By the end of the 16th century, an expansion conflict erupted between Rwanda and Bunyabungo during which the monarch Ndahiro II Cyamatare fought to the bitter end. After his death, the country endured difficulties under Banyabungo’s rule and longed for a monarch of his style. At that time, the Prince Ruganzu – Ndahiro’s son – was at Karagwe in Tanzania where he hunkered down since his very young age (in Rwandan tradition kubunda).
With the support of his father’s loyal servants including Kavuna – the son of Mushimiye – Ruganzu decided to counterattack and stopped the Banyabungo’s domination despite his young age. Under his reign onwards, the country became again prosperous after 11 years of pain.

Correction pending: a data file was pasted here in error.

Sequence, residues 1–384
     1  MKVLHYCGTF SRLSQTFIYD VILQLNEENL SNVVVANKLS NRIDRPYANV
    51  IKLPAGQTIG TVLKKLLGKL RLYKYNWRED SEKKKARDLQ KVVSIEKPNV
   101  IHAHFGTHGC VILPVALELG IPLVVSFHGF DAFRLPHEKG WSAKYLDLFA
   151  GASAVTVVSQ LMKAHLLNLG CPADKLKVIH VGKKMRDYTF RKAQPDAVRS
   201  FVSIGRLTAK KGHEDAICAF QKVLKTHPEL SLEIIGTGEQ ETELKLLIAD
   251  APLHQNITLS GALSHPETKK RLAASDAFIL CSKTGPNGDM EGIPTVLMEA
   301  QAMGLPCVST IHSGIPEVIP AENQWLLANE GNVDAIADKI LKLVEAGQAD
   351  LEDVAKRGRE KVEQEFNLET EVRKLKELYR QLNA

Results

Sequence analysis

On his journey to Rwanda, Ruganzu and his men sojourned at Rubona in Buganza region. When they arrived there, they had no drink and were thirsty. Therefore, Ruganzu took his magic spear, poked it into the ground and drilled, one after another, 12 pot-shaped pits which were instantly full of water. Today these structures are one of the shrines to the dead Ruganzu and remind Rwandans that in the past they have been heroes who liked the country and always saved it from turmoil.